Our baptismal covenant is clear that striving for justice is no less important in the life of a Christian than reading the Bible, saying one’s prayers, growing in faith, and serving others. Justice is not a partisan issue, it is the expression of love in public life. We who are called to follow Jesus in his way of love are to strive for justice and seek the dignity of every human being.

As in other pivotal moments in American history, events in our country last summer laid bare deep racial inequities and injustices, bringing the social movement for racial justice to a crescendo. All this stirred diocesan-wide conversation about our commitment. With broad based consensus, our leaders determined that anti-racism must be our first diocesan-wide focus. It has been a priority for some in the diocese for generations. Now it is ours together. 

Other justice issues are not lost to us–advocacy and care for persons experiencing homelessness, addressing gun violence, food insecurity, the needs of immigrants, and care for creation. We will look at all these issues, and all our diocesan life, through the lens of racism and our efforts to dismantle it.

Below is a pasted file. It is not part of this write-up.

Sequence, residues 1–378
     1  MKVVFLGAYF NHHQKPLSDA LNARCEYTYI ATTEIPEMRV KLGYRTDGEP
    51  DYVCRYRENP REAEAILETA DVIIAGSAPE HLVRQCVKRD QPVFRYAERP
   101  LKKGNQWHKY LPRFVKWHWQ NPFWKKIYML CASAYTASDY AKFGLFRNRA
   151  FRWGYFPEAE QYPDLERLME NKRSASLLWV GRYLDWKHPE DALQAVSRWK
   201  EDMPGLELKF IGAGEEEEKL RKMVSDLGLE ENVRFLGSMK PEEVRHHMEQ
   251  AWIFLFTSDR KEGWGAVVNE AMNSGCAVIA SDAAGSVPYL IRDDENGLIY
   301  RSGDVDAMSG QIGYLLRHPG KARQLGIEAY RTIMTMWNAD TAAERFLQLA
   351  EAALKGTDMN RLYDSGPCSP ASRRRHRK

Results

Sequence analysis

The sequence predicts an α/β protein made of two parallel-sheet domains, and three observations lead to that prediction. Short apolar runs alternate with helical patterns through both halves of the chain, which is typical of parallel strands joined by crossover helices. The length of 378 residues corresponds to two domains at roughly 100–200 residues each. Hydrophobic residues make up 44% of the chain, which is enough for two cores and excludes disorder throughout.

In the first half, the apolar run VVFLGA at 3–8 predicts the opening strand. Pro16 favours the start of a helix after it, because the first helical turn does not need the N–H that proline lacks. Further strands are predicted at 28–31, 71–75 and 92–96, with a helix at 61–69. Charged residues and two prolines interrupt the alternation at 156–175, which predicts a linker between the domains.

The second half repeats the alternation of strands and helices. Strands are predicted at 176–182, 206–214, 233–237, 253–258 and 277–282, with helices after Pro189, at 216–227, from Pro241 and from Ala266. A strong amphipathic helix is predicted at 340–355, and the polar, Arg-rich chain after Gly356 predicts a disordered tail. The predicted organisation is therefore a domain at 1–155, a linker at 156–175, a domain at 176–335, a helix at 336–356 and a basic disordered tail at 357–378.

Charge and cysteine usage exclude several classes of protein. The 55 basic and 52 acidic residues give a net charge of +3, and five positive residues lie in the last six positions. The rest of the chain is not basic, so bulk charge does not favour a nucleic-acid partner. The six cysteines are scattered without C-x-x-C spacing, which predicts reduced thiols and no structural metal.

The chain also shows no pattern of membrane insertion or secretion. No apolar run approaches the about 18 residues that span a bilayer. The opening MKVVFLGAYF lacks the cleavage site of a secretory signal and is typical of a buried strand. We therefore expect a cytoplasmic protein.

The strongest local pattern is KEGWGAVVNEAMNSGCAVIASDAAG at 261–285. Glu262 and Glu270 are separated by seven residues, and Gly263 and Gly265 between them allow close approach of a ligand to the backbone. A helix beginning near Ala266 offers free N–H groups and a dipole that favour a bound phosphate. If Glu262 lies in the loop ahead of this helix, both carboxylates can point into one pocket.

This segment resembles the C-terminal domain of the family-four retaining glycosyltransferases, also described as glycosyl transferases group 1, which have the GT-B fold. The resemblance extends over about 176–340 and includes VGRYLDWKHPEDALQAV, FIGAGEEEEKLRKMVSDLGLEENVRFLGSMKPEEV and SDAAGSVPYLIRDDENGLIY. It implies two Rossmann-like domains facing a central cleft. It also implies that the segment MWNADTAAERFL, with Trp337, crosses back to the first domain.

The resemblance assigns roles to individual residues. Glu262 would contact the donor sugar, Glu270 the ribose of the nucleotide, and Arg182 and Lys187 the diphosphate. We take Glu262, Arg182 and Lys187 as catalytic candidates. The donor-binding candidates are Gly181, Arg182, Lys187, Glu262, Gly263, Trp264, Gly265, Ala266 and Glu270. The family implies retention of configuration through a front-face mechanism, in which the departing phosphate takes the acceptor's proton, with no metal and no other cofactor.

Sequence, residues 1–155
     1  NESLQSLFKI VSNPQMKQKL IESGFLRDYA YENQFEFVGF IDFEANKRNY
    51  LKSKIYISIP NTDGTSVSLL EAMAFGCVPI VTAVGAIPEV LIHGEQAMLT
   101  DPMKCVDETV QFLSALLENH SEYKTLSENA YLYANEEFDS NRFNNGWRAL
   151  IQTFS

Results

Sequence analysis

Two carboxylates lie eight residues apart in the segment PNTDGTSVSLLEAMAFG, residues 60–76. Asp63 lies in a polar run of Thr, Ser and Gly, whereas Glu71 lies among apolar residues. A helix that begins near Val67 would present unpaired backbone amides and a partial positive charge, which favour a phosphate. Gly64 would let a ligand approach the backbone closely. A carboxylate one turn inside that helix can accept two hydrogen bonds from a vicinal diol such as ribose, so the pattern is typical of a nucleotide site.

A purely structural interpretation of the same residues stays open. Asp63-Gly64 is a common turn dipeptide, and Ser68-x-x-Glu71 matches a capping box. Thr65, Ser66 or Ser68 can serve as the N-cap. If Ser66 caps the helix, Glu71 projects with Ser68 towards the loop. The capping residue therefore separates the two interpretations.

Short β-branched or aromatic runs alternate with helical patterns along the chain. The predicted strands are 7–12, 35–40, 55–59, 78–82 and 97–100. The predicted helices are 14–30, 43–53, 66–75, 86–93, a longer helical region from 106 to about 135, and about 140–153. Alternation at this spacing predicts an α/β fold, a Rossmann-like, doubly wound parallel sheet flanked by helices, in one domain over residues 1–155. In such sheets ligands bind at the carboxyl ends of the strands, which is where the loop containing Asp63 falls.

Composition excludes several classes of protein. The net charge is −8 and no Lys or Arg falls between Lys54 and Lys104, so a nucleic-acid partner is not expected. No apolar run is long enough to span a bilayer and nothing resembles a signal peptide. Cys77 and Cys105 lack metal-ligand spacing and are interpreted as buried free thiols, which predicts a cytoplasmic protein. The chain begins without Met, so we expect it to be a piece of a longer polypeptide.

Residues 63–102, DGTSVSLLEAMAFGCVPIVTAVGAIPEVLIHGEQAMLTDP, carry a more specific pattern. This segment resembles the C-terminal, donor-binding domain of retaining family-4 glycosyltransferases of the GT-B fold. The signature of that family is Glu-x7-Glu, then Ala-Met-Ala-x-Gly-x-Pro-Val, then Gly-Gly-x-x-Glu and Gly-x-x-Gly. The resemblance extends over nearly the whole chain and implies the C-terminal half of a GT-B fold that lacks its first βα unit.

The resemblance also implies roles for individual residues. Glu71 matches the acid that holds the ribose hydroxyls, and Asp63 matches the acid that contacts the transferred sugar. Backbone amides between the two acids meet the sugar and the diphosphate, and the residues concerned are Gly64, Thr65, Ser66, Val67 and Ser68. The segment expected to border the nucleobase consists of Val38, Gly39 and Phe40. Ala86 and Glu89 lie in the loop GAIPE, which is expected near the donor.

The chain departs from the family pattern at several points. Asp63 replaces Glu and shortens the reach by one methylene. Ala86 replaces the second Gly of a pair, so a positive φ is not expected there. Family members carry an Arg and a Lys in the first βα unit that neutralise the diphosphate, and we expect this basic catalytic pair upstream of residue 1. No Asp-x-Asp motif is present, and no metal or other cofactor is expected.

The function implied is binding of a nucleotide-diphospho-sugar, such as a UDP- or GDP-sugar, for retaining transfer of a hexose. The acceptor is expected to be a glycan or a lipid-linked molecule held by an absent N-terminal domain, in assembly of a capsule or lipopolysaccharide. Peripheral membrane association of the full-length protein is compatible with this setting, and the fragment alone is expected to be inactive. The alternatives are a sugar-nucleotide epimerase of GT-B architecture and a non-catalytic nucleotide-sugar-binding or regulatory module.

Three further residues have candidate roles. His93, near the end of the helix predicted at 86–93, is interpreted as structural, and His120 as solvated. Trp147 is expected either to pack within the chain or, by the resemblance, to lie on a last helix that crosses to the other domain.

Those present at last evening’s gathering heard the compelling story of how our mother Diocese of Maryland took up the good and necessary work of historical reckoning with slavery and reparations. It’s our turn to gather up all that we know and can learn about our past, and set about the work of becoming an equitable and just church, committed to building an equitable and just society, which is God’s dream for all humankind. 

Staff Transitions 

As I bring this address to a close, let me acknowledge that this is a time of significant transition on the diocesan staff. Earlier in the year we said goodbye to the Rev. Daryl Lobban and Mr. Don Crane. Now we celebrate the retirements of the Rev. Sarabeth Goodwin and Ms. Cheryl Daves Wilburn, and the election of Canon Paula Clark as the next bishop of Chicago, all of whom we will honor later today. 

As hard as it is to say goodbye–and it is really hard– we were expecting these transitions. For while they are young in spirit, both Sarabeth and Cheryl are at retirement age. And we always knew that Paula was destined to be a bishop. 

So be patient with us in the next few months, as we’re down a few hands, but know that your remaining diocesan staff is deeply committed to serving God and serving you.  

I’m delighted to officially announce that the Rev. Andrew Walter will assume the role of Canon to the Ordinary, with a primary focus on finance, administration, and strategic planning.

We’ve issued the call for a new Canon for Congregational Vitality to complement the excellent senior leadership team we have in Canons Robert Phillips and Michele Hagans, and the wondrous Bishop Chilton Knudsen. We are also searching for a  Missioner for Equity and Justice, and persons to serve in key administrative roles.